10 product design books to shape your design thinking
A compact list of product design books that will inspire you to think deeper in design
There are hundreds of product design books out there that can tell you how to design great stuff but fewer offer a deep understanding of the theory behind them all.
From design thinking as a philosophy to the expert approach behind the success of some of the world’s most iconic products, these 10 books below will give you a strong base, helping you think differently about design, and providing inspiration for your next project…
1. The Design of Everyday Things – Don Norman
Bad design ignores the needs of users and the principles of cognitive psychology.
That’s the premise behind ‘The Design of Everyday Things’ by Don Norman, a world-famous psychologist and pioneer in the science of how we think.
The book presents plenty of examples, among them, the VCR and an office telephone, all models of how not to design for people.
Whether it’s ambiguous controls or arbitrary relationships between controls and functions, Norman interrogates a multitude of design sins, proposing design principles and good solutions instead.
2. The Laws of Simplicity – John Maeda
Any book that champions simplicity should be championed in return. Starting with “reduce”, John Maeda outlines 10 life lessons for sanity in ‘The Laws of Simplicity’ teach us how to need less but get more in business, technology and design.
Think of it as a kind of precursor to a Marie Kondo state-of-mind.
But Maeda goes beyond simplicity and organisation, covering saving of time, the importance of knowledge in making things simpler and even the importance of complexity to understand simplicity.
What do complex ecosystems and systems thinking exactly mean? Service design & innovation consultant Andy Polaine walks us through complexity, which every designer should embrace.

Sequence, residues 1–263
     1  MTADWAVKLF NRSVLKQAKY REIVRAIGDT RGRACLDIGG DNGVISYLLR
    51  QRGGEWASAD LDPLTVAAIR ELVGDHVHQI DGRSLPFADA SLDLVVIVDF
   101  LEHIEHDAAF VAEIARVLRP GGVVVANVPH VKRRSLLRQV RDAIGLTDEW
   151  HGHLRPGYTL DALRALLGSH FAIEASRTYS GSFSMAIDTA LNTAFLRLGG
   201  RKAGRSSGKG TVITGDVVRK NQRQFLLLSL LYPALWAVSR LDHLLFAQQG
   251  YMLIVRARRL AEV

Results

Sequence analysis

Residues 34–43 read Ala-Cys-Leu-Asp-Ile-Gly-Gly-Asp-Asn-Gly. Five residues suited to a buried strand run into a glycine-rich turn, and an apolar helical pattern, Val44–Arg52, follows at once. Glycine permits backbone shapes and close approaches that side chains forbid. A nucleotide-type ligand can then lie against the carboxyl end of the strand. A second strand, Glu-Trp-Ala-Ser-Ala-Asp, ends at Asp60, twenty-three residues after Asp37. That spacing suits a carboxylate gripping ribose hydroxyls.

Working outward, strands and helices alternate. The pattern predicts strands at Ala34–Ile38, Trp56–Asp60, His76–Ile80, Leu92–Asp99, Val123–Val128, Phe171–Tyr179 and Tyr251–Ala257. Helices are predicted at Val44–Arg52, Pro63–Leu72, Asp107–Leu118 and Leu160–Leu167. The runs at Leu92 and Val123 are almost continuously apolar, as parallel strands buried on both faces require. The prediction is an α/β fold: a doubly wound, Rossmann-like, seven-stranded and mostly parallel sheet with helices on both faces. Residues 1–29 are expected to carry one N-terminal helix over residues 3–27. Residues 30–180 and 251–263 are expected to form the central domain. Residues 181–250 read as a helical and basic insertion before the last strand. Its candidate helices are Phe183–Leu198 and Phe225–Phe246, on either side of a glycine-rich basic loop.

3. Universal Principles of Design – William Lidwell, Kritina Holden, and Jill Butler
Armed with 150 principles, The Pocket Universal Principles of Design is a compact, portable and extensive anthology of design knowledge.
If you want a book that strikes a perfect balance between critical design knowledge and rich illustrations of principles applied in practice, here is your bible.
From the “80/20 Rule” to “Chunking,” from “Baby-Face Bias” to “Ockham’s Razor”, Universal Principles is an indispensable field guide for designers of all types.
It promises to sharpen design thinking, provide invaluable reference guidelines, and expand your sense of what is possible.
4. Cradle to Cradle – William McDonough and Michael Braungart
Cradle to cradle tackles the impending doom often associated with design and overproduction head on.
Eliminating the concept of waste altogether, the authors, an architect and a chemist, are on a mission to preserve commerce and allow for human nature.
Described as “required reading for business hotshots and environmental activists”, the book presents a manifesto calling for a new industrial revolution.
Reduce, reuse and recycle are just three points in a detailed exploration of how designers could and should create products that don’t damage the Earth.
5. Design for the real world – Victor Papanek
Twenty-five years ago Victor Papanek explored how design could reduce pollution, overcrowding, starvation, obsolescence and other modern ills.
Tackling the industry’s biggest issues, it’s no surprise it became a seminal work and one of the most read books on design.